There are many tales of old Puna.
There are many tales of old Puna.
I could tell you how Uncle Luther, the crazy Hawaiian, rode his white horse into Dave Mary’s Pahoa Bar, knocking over tables then galloped away down the street.
I could tell you stories of blazing rivers of lava.
I could even recount the tale of the wild blonde woman who walked eerily down the Red Road, day and night, wearing not a stitch of clothing.
Puna is all they say it is. The Wild West? Yes it was, and more.
But I tell the tale of the geothermal workers who almost rearranged my facial features with their fists one night.
It all started like this.
Puna Geothermal Venture in the ‘90s descended on Puna like the Death Star. A humongous corporation with an outlandish idea to drive a mile-long drill into the sacred heart of the volcano, to bring energy to our backwater world. To every Punatic from Pahoa to Kapoho it was unthinkable.
It brought out every villager in Puna with a torch and a pitchfork. Every hippie worth his granola vowed to fight it to the end. And I was the head rabble-rouser.
I constantly wrote letters to the Hawaii Tribune-Herald condemning geothermal, embarrassing their every move. I was their arch enemy. Every geothermal worker wanted my head on a pike in the town square, or swinging from a palm tree. If my views with others swayed the county council, geothermal could be voted down and they’d be out of a job.
When developers embark on some grandiose project they always hire beefy workers in plaid shirts, Levis and work boots to build said project.
In this case it was a gaggle of Alaska rednecks and they were having a party down the street from my house, a loud affair with a Budweiser in every hand.
Fueled by watching too many James Bond movies, I couldn’t resist sneaking over and secretly mingling with the plaid-wearing crowd, maybe hear stories of myself and my troops opposed to their geo-venture.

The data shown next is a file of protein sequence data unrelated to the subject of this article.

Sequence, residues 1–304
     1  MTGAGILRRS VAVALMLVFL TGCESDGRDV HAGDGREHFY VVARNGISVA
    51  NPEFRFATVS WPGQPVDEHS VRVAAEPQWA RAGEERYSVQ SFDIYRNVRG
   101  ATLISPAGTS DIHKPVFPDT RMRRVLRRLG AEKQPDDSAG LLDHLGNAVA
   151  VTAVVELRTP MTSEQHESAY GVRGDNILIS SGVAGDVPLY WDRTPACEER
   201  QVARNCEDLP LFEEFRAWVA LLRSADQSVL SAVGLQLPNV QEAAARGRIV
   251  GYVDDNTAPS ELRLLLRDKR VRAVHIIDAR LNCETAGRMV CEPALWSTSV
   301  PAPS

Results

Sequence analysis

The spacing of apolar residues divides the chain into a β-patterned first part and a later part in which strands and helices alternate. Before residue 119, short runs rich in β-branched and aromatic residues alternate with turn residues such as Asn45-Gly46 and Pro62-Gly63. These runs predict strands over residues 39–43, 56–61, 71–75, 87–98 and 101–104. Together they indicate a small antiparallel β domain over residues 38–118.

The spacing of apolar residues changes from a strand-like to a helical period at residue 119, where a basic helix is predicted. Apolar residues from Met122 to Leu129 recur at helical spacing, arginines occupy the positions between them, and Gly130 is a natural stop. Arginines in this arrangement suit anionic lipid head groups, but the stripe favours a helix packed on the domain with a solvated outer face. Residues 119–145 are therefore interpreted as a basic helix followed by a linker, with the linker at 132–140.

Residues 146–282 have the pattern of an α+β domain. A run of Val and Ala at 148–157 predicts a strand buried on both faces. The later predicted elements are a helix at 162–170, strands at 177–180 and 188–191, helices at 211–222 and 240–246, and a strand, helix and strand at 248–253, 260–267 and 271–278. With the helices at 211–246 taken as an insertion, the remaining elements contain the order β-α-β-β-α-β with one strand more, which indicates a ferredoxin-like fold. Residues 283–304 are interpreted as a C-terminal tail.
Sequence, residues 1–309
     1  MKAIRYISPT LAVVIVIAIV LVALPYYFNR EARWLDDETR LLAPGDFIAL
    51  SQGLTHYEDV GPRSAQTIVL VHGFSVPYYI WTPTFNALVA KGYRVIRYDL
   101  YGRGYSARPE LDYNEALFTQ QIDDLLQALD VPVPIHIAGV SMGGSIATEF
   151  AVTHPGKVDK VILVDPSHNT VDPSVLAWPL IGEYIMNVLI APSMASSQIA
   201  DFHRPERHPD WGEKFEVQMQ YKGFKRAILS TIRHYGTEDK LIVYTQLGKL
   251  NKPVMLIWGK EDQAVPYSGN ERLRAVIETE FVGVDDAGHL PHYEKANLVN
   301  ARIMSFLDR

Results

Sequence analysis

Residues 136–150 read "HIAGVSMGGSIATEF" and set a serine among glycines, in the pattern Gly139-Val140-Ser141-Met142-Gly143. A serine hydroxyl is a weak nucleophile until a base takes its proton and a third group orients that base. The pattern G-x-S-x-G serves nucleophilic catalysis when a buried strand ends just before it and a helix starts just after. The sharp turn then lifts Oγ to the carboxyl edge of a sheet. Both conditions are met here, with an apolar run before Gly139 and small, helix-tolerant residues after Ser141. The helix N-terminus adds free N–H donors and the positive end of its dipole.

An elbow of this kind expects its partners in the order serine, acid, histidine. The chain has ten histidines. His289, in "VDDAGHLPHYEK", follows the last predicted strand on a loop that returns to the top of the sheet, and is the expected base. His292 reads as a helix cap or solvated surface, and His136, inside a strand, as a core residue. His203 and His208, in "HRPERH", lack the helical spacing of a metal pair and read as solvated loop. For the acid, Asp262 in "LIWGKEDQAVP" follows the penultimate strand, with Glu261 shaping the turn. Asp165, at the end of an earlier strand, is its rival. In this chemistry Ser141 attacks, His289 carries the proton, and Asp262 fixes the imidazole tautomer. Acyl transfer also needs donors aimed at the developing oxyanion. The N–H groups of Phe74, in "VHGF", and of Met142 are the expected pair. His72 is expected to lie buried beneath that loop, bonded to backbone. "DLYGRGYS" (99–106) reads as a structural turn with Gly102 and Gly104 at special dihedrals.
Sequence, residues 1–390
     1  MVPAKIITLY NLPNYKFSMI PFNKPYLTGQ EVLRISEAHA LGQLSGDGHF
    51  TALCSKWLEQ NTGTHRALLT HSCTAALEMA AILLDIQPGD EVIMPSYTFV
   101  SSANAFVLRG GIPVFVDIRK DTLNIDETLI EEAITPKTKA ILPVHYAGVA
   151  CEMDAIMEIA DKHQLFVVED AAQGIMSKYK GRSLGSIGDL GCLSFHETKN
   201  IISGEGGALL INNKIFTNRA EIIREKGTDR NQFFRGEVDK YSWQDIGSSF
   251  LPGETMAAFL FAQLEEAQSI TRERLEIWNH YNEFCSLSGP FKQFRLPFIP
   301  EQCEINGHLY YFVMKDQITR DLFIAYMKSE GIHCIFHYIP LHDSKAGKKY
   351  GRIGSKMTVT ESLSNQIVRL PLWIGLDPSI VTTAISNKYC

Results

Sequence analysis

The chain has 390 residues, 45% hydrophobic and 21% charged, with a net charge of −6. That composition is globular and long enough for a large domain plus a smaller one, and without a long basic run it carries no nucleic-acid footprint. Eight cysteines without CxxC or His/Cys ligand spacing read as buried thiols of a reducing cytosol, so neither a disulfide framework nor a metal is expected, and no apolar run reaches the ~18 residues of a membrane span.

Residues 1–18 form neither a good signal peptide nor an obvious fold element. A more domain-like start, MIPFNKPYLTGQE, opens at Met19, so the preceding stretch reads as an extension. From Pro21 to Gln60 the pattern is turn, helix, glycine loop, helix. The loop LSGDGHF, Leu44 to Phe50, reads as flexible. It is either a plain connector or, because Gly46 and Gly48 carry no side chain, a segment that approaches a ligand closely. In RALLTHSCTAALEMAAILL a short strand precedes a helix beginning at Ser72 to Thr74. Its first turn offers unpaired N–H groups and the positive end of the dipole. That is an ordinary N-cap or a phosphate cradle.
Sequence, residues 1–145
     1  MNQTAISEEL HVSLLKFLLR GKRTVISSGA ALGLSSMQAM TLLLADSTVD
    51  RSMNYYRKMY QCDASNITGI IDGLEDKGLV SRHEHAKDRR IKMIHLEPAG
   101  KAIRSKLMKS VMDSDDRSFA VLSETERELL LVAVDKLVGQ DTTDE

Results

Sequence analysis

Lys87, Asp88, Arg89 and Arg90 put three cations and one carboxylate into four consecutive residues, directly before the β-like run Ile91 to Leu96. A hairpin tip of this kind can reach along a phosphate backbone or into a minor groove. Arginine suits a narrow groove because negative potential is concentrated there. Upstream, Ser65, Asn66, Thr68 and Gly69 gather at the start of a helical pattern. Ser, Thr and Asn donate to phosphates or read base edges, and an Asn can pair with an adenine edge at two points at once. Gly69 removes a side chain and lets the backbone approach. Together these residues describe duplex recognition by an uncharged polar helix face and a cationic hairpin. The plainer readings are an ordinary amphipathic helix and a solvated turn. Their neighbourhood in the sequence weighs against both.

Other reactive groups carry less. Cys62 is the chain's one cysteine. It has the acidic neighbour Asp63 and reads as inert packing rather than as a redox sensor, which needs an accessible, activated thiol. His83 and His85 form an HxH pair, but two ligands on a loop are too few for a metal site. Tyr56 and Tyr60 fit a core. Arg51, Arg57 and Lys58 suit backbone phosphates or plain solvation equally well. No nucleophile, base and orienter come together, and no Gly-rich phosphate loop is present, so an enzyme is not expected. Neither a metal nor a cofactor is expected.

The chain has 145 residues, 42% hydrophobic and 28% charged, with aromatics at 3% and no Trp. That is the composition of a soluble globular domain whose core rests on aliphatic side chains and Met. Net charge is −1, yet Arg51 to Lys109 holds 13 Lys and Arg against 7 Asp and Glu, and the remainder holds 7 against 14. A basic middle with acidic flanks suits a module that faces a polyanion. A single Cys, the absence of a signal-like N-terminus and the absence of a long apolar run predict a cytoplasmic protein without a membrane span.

Taking my life in my hands, I slipped into the party of drunken blue-collar workers, knowing that if they knew I was the infamous Dennis Gregory I would be tarred and feathered on the spot or stuffed in a lava tube.
Up until then no one knew my face, only my words.
I did hear stories about me, each redneck storyteller vowing to do something terrible to my person. Partying away, I told everyone my name was Dennis. Things were fine until in the kitchen some geo-worker happened to ask my last name. Big problem.
My impish, inebriated nature got the better of me and I replied, “I’m Dennis Gregory.”
A chill rippled through the party. Ten no-neck workers turned toward me, blood in their eyes. They converged in the kitchen ready to punch my lights out.
They had Dennis Gregory in their clutches, one raised his elbow toward my neck and to save my skin I squeaked out, “Are you Americans?” They boomed, “You’re darn right!” I calmly replied, “Then you believe in free speech.” They mumbled a bit, then I said, “So you must respect different opinions like mine.” I had them there.
And before their drunken minds could fully process what I said, I slipped out the back door and was gone.
Luckily, my antics didn’t prevail because geothermal turned out to be a pretty good thing.
Dennis Gregory is an artist, writer and musician who mixes truth and humor in his biweekly column. He can be reached at email@example.com